Last Updated July 17, 2023.
Robert Cokeson is the managing clerk at James and Walter How’s law firm. He is a short, balding man of about sixty with an honest face and a kind heart. Cokeson is respectable and conventional, and takes his responsibilities seriously. He has great respect for the law, but his compassion and his Christian belief lead him to see the cruelty of the prison system. He is deeply religious and ends the play by saying of Falder: “No one’ll touch him now! Never again! He’s safe with gentle Jesus!”
William Falder, the junior clerk at the Hows’ law firm, is a sensitive young man of twenty-three. The play charts his downfall and ends with his suicide. Falder commits forgery and theft in order to save the woman he loves from her violent husband and is overwhelmed by a series of misfortunes. His employer, James How, and the prosecuting counsel, Harold Cleaver, suggest that he is a weak character, but others, including Cokeson and Ruth, see him as the harmless victim of a harsh, inflexible penal system. Falder also takes this view, saying of himself and his fellow prisoners: “if we’d been treated differently the first time, and put under somebody that could look after us a bit, and not put in prison, not a quarter of us would ever have got there.”
Ruth Honeywill is a young woman who is married to a violent, abusive man who comes close to killing her. She loves William Falder and is desperate to escape from her dangerous situation, saving herself and her children. Ruth has a calm manner and a natural dignity but, like Falder, is crushed by adversity.
James How is a lawyer and the senior partner in his firm. He adheres strictly to the law and is initially harsh and unsympathetic. However, even How eventually comes to see that life and the legal system have dealt harshly with Falder and is willing to give him another chance.
Walter How is the son of James How and the junior partner in the firm. He takes his position less seriously than his father, and is inclined to be sympathetic to Falder and to overlook his crime.
Detective-Sergeant Wister is a police officer who arrests Falder in Act 1 and attempts to do so again in Act 4 before Falder jumps to his death. He is a representative of the system, which crushes Falder and says that he “couldn’t take the responsibility” of being lenient.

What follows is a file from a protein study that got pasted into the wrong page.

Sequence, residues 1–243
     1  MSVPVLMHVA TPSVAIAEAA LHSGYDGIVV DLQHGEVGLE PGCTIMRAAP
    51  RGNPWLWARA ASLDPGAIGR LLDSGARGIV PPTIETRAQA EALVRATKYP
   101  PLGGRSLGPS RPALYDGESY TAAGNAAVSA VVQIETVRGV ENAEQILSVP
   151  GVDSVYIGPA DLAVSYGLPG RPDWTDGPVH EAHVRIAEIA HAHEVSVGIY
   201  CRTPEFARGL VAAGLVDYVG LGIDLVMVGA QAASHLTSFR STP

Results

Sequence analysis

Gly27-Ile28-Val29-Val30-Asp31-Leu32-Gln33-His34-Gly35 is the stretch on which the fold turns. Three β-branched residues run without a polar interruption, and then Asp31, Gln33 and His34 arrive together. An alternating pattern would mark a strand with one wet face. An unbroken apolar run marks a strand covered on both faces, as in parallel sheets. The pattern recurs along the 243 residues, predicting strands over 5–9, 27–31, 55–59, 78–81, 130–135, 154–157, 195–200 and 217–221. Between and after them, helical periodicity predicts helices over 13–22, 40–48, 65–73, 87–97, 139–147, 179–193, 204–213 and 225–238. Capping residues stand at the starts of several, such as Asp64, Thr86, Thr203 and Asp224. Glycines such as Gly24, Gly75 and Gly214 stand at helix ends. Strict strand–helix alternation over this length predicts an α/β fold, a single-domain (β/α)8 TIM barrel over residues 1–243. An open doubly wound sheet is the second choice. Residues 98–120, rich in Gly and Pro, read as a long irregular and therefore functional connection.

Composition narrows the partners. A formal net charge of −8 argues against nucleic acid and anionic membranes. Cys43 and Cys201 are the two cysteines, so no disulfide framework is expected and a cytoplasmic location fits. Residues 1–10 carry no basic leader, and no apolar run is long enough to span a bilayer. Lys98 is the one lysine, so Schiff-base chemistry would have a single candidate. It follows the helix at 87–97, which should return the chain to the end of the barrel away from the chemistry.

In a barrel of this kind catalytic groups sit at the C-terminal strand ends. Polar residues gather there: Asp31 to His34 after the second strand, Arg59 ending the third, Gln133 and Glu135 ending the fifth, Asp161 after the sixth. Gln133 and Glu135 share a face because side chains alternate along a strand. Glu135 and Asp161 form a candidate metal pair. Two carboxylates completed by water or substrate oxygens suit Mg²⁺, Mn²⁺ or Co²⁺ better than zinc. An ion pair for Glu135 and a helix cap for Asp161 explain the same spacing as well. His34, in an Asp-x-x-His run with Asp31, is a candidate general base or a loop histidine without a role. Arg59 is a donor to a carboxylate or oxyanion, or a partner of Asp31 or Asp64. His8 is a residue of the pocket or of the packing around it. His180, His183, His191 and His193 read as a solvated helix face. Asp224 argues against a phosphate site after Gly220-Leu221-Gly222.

Mr. Justice Floyd
Mr. Justice Floyd is the judge who sentences William Falder to three years in prison. He is described as seeming “unconscious of and indifferent to everything” and rejects the idea of showing mercy to the prisoner or taking any extenuating circumstances into account.
Harold Cleaver is the prosecution counsel at Falder’s trial. He is “a dried, yellowish man, of more than middle age” and ridicules the emotional nature of the mitigating circumstances put forward by Falder’s defense.
Hector Frome is William Falder’s defense counsel. He is a young man and a passionate orator, who describes his client as a weak, sensitive man rather than a vicious one, and says he should be treated as a patient rather than a criminal.
Captain Danson is the governor of the prison where Falder is incarcerated. He is inclined to admire the prisoners who show spirit and attempt to escape. However, he does not see any way to deal with Falder but to allow the system to destroy him.
Dr. Edward Clements
Dr. Edward Clements is the prison doctor. He sees that Falder is nervous and dispirited but insists that nothing is wrong with him medically. Clements sees the prisoners as units to be processed and insists that if he made an exception for Falder, he would have to do so for many other men in similar situations. This view prevents him from considering what would be best for Falder as an individual.